Black Farmers File Claims To Show Discrimination 'Not Okay'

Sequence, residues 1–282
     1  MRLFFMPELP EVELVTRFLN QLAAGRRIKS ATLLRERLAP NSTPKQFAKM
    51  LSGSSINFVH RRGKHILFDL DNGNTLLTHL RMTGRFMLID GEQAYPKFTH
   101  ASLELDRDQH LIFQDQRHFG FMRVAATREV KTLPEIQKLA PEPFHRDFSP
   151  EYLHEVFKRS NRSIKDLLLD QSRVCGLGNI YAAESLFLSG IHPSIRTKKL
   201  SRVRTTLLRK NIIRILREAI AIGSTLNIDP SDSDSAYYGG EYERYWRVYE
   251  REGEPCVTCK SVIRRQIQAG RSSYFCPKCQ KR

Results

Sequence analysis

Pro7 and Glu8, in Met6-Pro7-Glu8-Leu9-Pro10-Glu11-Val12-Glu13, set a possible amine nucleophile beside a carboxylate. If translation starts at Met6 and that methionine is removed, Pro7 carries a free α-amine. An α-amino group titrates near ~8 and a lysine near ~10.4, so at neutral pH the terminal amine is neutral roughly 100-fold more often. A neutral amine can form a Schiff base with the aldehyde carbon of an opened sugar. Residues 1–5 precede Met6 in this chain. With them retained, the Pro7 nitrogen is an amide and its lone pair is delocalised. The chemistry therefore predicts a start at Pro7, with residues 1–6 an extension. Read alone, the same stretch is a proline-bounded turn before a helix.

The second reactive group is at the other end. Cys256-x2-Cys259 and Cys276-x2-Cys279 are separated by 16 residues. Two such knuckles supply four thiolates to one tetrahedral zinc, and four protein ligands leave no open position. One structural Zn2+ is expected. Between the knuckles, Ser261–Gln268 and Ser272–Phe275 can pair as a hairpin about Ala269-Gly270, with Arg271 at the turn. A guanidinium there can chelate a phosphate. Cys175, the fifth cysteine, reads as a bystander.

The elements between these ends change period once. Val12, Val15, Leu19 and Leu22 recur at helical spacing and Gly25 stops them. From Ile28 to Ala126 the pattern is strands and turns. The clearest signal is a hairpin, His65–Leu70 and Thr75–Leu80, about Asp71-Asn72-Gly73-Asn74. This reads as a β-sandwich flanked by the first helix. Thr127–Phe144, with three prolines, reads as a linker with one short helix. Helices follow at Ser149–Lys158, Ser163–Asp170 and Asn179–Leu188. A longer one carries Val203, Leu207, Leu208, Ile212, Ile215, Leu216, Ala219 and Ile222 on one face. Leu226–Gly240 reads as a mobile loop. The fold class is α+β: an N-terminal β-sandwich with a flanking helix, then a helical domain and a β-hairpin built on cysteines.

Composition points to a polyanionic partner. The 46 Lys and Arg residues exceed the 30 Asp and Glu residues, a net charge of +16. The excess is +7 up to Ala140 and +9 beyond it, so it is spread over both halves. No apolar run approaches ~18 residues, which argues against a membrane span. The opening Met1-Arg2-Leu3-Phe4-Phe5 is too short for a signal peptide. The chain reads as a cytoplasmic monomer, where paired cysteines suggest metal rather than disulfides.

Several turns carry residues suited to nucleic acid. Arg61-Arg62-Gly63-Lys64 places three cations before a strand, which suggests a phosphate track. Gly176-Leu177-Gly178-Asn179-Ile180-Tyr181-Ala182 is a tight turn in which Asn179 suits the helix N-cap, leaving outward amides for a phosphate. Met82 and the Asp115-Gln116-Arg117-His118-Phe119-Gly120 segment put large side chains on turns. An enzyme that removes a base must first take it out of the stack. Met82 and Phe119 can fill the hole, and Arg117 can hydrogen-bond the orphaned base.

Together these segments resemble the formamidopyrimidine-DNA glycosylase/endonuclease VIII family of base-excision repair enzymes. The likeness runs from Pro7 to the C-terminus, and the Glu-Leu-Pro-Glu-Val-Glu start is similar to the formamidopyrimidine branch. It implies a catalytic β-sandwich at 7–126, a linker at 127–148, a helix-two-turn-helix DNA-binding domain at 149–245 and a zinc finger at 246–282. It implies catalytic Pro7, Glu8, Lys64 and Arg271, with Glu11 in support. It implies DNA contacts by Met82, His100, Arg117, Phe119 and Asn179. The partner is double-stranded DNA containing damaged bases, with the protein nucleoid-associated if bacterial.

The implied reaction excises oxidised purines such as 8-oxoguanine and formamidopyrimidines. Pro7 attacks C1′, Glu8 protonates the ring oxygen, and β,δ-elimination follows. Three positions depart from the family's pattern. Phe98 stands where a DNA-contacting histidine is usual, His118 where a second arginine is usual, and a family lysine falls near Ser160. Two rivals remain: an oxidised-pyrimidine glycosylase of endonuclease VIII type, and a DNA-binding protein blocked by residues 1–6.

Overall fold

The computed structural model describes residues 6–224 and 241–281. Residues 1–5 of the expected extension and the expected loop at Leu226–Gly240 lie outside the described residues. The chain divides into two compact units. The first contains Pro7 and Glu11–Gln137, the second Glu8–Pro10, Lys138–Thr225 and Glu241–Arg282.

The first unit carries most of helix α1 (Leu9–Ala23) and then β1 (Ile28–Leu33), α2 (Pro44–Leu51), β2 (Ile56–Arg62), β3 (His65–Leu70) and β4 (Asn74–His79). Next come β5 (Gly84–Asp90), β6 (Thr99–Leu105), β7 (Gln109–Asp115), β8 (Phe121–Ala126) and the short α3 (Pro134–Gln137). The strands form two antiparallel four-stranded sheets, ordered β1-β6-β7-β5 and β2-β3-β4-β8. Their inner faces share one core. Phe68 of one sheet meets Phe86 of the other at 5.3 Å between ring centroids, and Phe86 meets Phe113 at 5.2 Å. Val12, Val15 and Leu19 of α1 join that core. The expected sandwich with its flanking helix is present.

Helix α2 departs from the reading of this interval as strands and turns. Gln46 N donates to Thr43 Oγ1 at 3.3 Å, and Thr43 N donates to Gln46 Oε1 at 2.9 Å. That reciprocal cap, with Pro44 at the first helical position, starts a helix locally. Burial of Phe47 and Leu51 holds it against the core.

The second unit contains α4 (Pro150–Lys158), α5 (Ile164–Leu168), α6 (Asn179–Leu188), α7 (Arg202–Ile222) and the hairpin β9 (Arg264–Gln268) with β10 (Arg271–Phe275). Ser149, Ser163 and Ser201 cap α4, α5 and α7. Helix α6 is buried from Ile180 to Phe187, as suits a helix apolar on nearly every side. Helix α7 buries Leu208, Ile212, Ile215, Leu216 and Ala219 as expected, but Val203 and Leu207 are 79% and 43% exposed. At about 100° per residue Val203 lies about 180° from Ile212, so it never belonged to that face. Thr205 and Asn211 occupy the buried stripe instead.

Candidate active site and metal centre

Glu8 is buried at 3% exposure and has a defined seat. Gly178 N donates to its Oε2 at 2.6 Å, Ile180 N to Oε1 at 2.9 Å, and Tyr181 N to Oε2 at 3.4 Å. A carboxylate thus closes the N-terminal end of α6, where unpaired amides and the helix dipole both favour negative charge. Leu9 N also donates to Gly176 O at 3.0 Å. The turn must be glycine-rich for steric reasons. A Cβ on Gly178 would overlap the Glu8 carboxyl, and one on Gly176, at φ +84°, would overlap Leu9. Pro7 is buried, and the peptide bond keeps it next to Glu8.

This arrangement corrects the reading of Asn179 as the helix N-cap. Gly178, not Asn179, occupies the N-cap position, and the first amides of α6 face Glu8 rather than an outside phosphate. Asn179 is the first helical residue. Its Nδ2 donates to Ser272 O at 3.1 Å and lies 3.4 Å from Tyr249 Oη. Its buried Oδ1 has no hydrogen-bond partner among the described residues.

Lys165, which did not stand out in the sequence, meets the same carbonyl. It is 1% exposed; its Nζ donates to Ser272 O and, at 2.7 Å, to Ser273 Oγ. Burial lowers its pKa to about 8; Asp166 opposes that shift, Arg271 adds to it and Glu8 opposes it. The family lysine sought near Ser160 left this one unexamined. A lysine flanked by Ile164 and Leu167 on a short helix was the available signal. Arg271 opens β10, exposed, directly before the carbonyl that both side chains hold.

Black farmers or their relatives gather in hotel meeting room to learn about filing claims in the long-running discrimination settlement. Photo: Julie Rose Black farmers and their descendants are gathering in Charlotte today and tomorrow for help filing a claim in a long-running discrimination settlement with the U.S. Department of Agriculture. A North Carolina farmer named Timothy Pigford filed the original complaint that became a landmark class-action discrimination lawsuit in the 90s and led to the current settlement. It's too late for Horace Walker's farming dreams. He's 67. But back in 1983, Walker was fresh out of the military and hoping to follow in the agricultural footsteps of his father. He had designs on some land a neighbor was willing to lease in Clarendon County, South Carolina where he hoped to "put some grain and some corn and some shrub crops - vegetables, things." But he needed about $20,000 for seeds, supplies and such. The US Department of Agriculture offers loans for that very thing, but the white farm bureau agent told Walker he was too late to apply. The next year he applied in time, but was told all the money was gone. "I just thought he was giving me the runaround," says Walker. He abandoned his farm dream and became a computer technician. He was not alone. In 1999, the Department of Agriculture admitted to widespread discrimination against black farmers and agreed to a settlement. But tens of thousands of black farmers - including Horace Walker - didn't get word of the settlement and filed claims too late. Now, Congress has approved $1.25 billion in compensation for those late filers. Many have since passed away or become disabled. Charles Irving Hooper, Sr. was too feeble to attend a public meeting for claimants in Charlotte today, so he sent his daughter Angela. "We've been filling out paperwork since 1998 about this claim," says Angela Hooper. "My goal today is to complete the claim for him and have it seen to fruition." Settlement payments to black farmers will probably average between $20,000 and $50,000. Angela Hooper says that'd be enough to make life a little more comfortable for her elderly parents. No amount of money will restore Horace Walker's dream of becoming a farmer, but he says the payment's real value is the message it sends about discrimination. "If there was no claims - if everybody decided there was no reason for it then it would just keep going. It must be okay. Somebody needs to know that that's not okay." The deadline to file a claim is May 11. Attorneys who have been appointed to represent black farmers in the settlement free of charge will be available for consultation again tomorrow at the Marriott Executive Park off Tyvola Road.